When MSX Technology and Micropelt GmbH won the IDTechEx Best Application of Energy Harvesting award at the Energy Harvesting and WSN USA 2011 conference held in Boston, USA, one judge commented: "This innovative approach results in energy efficient cooking by using a fully embedded (dishwasher safe), self-powered and wireless sensor to automate the cooking process. A cool combination of an advance in a "domestic" technology with energy conservation." It was also described as a "Great application with several benefits."
IDTechEx technology analyst Dr Harry Zervos recently interviewed Mr Burkhard Habbe, VP of Business Development at Micropelt, and Albin Smrke, scientific advisor with MSX Technology and inventor of a cooking sensor, to find out more about the development of this multi-sensory cooking technology.
The technology has a proven energy reduction for cooking of up to 50%, confirmed by the independent Swiss Federal Laboratories (EMPA) and VDE, the German Association for Electrical, Electronic & Information Technologies. Micropelt's thermal energy harvesting technology allows for a fully embedded and sealed sensor for the life time of the cooking vessel. A single 6mm² Micropelt thermogenerator powers a fully self-sustaining MSX cooking sensor just from the normal process heat.
Innovation in conventional markets
When asked how innovation is dealt with in markets that are very conventional and are considered almost static, Burkhard Habbe said: "Competitive pricing is the most important door opener to the consumer market." As an illustration, Burkhard mentioned a discussion with a potential customer for the device who said: "If you can sell me a power source for €3, I will order 100,000 straight away." Burkhard continued, "It's not easy to get to that price point, but there's a way to achieve it within a couple of years, based on production and efficiency improvements and power requirements in electronics that are constantly going down."
High volumes for the devices are also achievable as Micropelt is already producing several hundreds of thousands of devices in 2012.
The sensor and harvester are not the only technology developments required, Albin Smrke pointed out that "...the link to the cooking vessel and the cooking vessel itself need to be optimized." The technology also needs to be green, dishwasher proof (no battery), fully automated and minimally intrusive.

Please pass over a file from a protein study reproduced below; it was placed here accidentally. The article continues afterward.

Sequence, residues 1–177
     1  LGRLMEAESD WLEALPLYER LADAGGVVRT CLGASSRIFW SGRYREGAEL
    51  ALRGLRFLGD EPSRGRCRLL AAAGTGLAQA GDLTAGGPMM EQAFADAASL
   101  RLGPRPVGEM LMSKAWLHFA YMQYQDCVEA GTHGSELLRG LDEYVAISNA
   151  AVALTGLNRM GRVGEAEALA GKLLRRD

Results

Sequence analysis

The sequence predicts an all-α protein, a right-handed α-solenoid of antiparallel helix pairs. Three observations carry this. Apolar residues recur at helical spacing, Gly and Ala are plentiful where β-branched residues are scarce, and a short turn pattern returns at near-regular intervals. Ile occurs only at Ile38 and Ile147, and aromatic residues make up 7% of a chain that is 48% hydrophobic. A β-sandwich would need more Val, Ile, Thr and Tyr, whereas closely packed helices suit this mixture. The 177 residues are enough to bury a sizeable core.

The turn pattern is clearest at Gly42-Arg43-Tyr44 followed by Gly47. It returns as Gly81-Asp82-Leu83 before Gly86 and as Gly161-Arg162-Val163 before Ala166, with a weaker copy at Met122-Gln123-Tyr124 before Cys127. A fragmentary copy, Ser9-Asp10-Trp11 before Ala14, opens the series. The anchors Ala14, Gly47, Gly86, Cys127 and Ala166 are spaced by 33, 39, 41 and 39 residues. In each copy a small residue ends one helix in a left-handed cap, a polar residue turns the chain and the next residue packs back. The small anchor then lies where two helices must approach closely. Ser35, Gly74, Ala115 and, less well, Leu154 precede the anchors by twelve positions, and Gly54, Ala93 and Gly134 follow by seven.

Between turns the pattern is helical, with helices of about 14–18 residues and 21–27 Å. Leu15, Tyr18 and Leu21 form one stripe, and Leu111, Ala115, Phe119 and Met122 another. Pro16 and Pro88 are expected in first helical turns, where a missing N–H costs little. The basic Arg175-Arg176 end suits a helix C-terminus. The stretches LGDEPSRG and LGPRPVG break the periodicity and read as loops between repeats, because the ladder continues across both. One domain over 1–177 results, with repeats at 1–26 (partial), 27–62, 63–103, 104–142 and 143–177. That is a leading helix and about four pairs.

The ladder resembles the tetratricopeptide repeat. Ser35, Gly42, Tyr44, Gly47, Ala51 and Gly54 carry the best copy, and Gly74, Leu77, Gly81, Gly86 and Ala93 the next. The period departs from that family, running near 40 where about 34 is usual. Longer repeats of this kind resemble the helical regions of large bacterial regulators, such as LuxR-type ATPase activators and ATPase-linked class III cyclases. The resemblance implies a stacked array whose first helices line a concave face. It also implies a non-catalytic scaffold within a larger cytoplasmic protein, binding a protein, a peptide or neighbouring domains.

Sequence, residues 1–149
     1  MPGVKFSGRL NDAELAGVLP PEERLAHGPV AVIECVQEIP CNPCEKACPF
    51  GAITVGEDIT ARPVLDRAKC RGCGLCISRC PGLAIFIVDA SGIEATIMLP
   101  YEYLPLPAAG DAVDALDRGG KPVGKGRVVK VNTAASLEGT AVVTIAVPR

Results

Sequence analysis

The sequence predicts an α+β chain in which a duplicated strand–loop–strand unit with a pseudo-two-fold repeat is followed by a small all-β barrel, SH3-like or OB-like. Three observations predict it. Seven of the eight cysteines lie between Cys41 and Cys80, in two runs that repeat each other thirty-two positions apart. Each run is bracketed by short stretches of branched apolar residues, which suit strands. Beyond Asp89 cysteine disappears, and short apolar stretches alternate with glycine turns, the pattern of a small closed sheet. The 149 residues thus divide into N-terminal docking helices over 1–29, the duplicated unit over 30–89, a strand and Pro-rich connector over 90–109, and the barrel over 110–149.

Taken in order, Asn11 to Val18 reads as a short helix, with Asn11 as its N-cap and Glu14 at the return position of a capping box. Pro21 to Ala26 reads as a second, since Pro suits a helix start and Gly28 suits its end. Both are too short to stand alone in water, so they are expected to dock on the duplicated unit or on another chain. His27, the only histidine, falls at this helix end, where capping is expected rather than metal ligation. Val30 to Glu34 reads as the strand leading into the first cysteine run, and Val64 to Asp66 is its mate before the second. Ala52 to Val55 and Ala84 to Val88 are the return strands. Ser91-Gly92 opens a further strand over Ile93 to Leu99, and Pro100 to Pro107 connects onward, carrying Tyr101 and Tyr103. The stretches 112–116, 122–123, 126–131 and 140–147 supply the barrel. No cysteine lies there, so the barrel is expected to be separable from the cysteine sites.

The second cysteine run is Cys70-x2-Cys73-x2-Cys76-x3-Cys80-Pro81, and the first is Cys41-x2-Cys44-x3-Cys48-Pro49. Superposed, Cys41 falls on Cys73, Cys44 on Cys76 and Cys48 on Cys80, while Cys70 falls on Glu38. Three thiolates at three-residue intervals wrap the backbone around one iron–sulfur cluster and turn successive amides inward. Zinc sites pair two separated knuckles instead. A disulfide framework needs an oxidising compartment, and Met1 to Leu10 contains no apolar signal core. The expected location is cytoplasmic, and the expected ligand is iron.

"There's never a big revolution in cooking, cooking is art," Albin said. "What this innovation does is optimize the process and energy consumption, without having to disrupt the cooking process or the vessel itself. People want to stick to traditional, old fashioned ways of cooking."
End user pull
The interest is already there from big potential adopters of the technology. For instance, Tefal is producing 200,000 units daily, and have stated their intention that 1% of these will incorporate the sensor on the lid. Of course, this doesn't necessarily represent something concrete, not until actual orders come through. On the other hand, expression of interest from one of the leading brands in the sector definitely gives a good indication of the value of the technology and the possibilities that are opening up through its integration.
What is important from an adopters' point of view is connecting the hob and the pan. Bringing both hob companies and pan companies up to speed with the technology will be one of the most critical factors to successful commercialization. On this point, Albin said: "When induction hobs were introduced, hob makers gave induction ready pans to buyers and in a couple of years, everyone was ready for them. The same could potentially be done with these electronics. Adding a sensor on existing pans is also doable as they could be self-adhesive."
Multisensory technology characteristics
Albin also points out what multi sensor technology means. Temperature and sound sensors as part of the hob are utilized to map the thermal and sound field on the lid and at the bottom of the pan.
"The technology has taken more than 10 years of development. On the electronics side, the energy consumption and cost of these sensors initially were prohibitive, 25 German Marks at the time and heavy. Wireless transmission and low power electronics were a saving a grace." MSX's collaboration with Micropelt started about five years ago.
Burkhard Habbe added: "You put it in, and you cannot see it. It is 1mm x 2mm, and in ten seconds enough energy has been harvested for half an hour of cooking. 30 degrees temperature difference is adequate."
Relating to cycling of use, Albin says it is not a problem. Storage time could potentially be an issue though and so a capacitor is there to make sure the sensor stays alive even after three months of storage, a stringent customer requirement.
Any potential challenges would be related to packaging, but Micropelt has a lot of experience in this area. The thermal gradient in the vessel is almost what you would consider 'heavenly' conditions for thermoelectric power generation. "Hence, the convergence with Micropelt's technology was obvious from the start," said Habbe.
Albin has a lot of meetings with companies talking about great numbers. Regarding energy classification, the evaluation finished in September 2011 and is expected to become publicly known by mid-2012, announcing savings of at least 30%. "Such an announcement could lead to a large number of orders. Reasonable growth rates of a few hundred thousands of units can easily be supported," concluded Habbe.
Top image source: The Web Outside